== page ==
Ginger Farming Guide:
Introduction of Ginger Farming:- Ginger is one of excellent spice crops cultivated in Asia and India accounts for 40 % of the world’s ginger production. Ginger root has high demand in national and international markets due to its excellent uses and benefits. Farmers can make gold out of it, if they follow the proper farm management practices. Ginger can be grown in greenhouse, indoors, containers, pots, and backyards. When it comes to plant description, ginger is an herbaceous perennial plant that grows annual stems about 1 meter tall bearing narrow green leaves and yellow flowers. Ginger belongs to the family of “Zingiberaceae” and genus of “Zingiber”. Basically ginger is indigenous to south China and eventually spread across the globe. India is largest producer and consumer of ginger in the world and China occupies second place. Ginger is being used as a spice in many food items as well as in herbal medicines due to its excellent medicinal properties. Ginger also being used as flavouring agent because of its unique refreshing aroma. Commercial cultivation of ginger is very successful in most of the south Asia regions due its market value.
Health Benefits of Ginger:-The following are the health benefits of Ginger.
- Ginger promotes healthy heart.
- Ginger helps in settling upset stomach.
- Ginger helps in treating migraine and prevents cold, cough and flu.
- Ginger helps reducing morning sickness.
- Ginger reduces arthritis pain.
- Ginger helps reducing menstrual pain in women.
- Ginger prevents many types of cancers.
- Ginger aids in digestion and boosts immune system.
- Ginger is good for diabetic patients.
- Ginger may prevent ulcers.
- Ginger helps in regulating cholesterol levels.
- Ginger reduces pain and inflammation.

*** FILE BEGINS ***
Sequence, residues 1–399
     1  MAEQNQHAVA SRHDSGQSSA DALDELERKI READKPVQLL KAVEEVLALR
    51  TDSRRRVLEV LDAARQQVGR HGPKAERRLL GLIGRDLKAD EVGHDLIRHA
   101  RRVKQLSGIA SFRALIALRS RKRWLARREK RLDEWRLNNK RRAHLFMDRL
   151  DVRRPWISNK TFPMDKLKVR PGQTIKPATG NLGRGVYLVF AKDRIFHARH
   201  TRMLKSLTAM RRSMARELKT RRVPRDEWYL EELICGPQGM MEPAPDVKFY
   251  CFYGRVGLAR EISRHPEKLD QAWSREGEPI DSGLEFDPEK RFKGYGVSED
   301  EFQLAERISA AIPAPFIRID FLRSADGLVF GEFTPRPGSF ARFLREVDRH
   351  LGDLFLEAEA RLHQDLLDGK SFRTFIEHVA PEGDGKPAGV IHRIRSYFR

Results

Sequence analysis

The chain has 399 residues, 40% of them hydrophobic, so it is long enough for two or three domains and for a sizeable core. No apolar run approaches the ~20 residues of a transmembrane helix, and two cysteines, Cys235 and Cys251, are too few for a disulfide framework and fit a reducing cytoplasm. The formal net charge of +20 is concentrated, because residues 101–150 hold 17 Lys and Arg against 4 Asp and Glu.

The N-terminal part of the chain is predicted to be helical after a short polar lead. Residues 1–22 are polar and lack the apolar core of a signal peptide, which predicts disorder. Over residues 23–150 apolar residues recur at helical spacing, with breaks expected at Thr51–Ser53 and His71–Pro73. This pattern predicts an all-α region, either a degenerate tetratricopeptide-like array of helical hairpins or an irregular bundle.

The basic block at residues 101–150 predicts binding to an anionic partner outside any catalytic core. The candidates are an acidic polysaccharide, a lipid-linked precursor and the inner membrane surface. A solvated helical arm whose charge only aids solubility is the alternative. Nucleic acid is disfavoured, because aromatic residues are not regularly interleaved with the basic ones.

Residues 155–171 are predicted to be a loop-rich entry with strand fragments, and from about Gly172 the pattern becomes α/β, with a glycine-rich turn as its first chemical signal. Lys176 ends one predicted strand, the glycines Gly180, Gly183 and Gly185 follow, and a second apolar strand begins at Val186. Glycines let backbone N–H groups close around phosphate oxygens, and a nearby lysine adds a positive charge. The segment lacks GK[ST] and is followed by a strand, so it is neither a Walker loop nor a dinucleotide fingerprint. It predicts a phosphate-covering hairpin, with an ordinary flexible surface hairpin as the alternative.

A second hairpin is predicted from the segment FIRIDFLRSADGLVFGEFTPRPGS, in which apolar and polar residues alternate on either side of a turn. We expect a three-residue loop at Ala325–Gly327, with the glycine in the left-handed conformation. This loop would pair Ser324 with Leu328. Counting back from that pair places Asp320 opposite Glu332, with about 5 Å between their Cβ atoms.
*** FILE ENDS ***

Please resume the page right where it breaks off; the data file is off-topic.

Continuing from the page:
Top Producers of Ginger in the World:– India, China, Nepal, Nigeria, Thailand and Indonesia are top production countries of ginger.
Major Ginger Production States in India:- Ginger crop is cultivated in most of the states in India. However, Kerala, Meghalaya, Arunachal Pradesh, Mizoram, Sikkim, Nagaland and Orissa together produce 75% of country’s total production.
Local Names of Ginger in Asia:- Inguru (Sinhalese, Sri Lanka), цагаан гаа (Mangolian), ادرک/Adrak (Urdu), kŏn’gang (Korean), Aduwa (Nepali), Jiāng (Mandrian), Jiang (Chinese), Zanjabeel(Arabic), Khing (Thai), Can khuong (Vietnamese), Kha Nhei (Cambodian), Zencefil (Turkish), Shōga (Japanese), 薑 (Taiwanese), Halia (Malay, Malesia).
Local Names of Ginger in India:- Adrak (Hindi), Allam (Telugu), Shunti (Kannada), Inji (Malayalam), Alle (Konkani), Inji (Tamil), Adu (Gujarati), Ahdrak (Punjabi), Ada (Oriya, Assamese), Aale (Marathi), Ada (Bengali), Adrk (Kashmiri).
Varieties of Ginger:- Several hybrid/improved varieties of ginger are grown in south Asia region. However, the cultivars depends upon the climate, soil and local conditions. The important cultivars are:
- High Yielding Types: Maran, Karakkal, Rio de Janeiro and Mahim.
- Less Fiber Content: Jamaica, Bangkok and China Thingpuri.
- High Oleoresin: Emad Chemed, China, Karuppamadi and Rio de Jeneiro.
- High Dry Ginger Recovery: Karakkal, Nadia, Maran and Tura.
- High volatile oil: Sleeva local, Narasapattam and Emad.Chemad.
Climate Requirement for Ginger Farming:– Ginger thrives well in warm and humid climatic conditions and can be cultivated from sea level to an altitude of 1400 to 1500 meters above sea level (msl). Ginger can be cultivated both under rainfed and irrigated conditions. For successful cultivation of the crop, a moderate rainfall at sowing time till the rhizomes sprout, fairly heavy and well distributed rainfall; during the growing period and dry weather for about a month before harvesting is ideal for good yield.